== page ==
Supplements You Should Be Taking But Aren't
Is the stress of daily life having an impact on your health and nutrition?
Posted Jun 16, 2020
As supplements have grown in popularity over the years, it is important to clarify which are healthy and which may put you at risk. We know that supplements play a clear role in overall health by supporting our nutrition, which today is often void of essential nutrients, heavily processed, and often contaminated with pesticide toxins. It is therefore important that we are aware of which supplements are safe and beneficial.
Because the supplement industry is highly unregulated, a consumer purchasing over-the-counter supplements has no way of knowing some of the additives nor whether the active ingredient is standardized to effective doses. Additionally, these commonly found supplements often contain problematic additives, dyes, fillers, and preservatives, and in some cases, have even been seized by the FDA due to contaminants. Due to these gaps in regulation, it is highly recommended that one chooses high-grade medical supplements — which are standardized based on the studies to prove their efficacy (and often also third-party tested) — over drugstore vitamins.
With that being said, there are still a variety of common questions surrounding supplements. People want to know the most crucial supplements to take, which can help with overall health, and which can help us prevent serious health conditions.
As each person is unique, the answers to these frequently asked questions certainly vary, but some things do remain constant. While there are many outside factors that make each person’s needs individualized to them, stress is a burden that many of us bear, especially those with high responsibility jobs and very busy lifestyles. This has therefore narrowed down a few key supplements that may be advisable for everyday use in American society.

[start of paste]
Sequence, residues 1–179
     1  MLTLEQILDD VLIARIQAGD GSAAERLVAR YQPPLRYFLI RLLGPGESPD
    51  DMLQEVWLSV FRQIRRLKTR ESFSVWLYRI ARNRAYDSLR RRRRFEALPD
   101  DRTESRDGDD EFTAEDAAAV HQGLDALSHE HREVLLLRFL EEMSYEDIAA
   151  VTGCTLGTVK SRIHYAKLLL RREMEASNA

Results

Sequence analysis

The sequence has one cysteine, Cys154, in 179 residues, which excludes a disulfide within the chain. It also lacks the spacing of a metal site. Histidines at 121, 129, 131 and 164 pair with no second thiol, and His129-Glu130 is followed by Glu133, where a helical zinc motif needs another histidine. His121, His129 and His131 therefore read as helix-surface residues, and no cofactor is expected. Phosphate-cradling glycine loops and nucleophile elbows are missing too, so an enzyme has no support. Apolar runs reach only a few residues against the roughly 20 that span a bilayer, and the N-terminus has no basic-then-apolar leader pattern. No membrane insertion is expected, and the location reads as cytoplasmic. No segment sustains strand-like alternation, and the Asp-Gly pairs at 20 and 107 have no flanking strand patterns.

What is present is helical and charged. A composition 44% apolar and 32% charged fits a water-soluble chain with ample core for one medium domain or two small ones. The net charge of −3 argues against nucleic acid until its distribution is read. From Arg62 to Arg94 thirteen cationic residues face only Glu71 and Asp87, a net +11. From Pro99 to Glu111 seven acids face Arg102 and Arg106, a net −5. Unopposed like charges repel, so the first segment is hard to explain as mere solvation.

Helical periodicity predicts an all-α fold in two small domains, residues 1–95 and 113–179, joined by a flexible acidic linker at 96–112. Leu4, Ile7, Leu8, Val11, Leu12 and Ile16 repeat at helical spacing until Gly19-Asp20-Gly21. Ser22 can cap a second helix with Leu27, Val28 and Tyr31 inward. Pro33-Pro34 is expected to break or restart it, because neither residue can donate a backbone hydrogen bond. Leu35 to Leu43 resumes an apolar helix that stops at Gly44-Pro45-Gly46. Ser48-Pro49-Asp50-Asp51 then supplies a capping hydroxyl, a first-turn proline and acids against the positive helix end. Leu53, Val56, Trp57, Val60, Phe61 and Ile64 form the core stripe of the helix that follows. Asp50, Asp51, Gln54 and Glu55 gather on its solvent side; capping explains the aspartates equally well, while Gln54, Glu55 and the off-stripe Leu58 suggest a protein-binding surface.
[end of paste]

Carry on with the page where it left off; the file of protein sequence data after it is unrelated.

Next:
The ingredients in a multivitamin are intended to support nutritional gaps, as there is much we are unable to get from our conventional diets. These include B complex vitamins such as the necessary vitamin B12, which assist in our energy levels and cognitive function while helping manage stress. Vitamin C is also commonly found in multivitamins, and has numerous benefits, from bone and cartilage formation to helping in our arterial and vascular health. Multiple conditions including death from heart disease have been associated with vitamin C deficiency, making it an important vitamin to consider incorporating. Vitamin A is another crucial one necessary for skin and mucosal health, as it relates to cell turnover. So many Americans remain deficient in key nutrients, and a multivitamin may be an excellent way to incorporate them into one’s supplement regimen.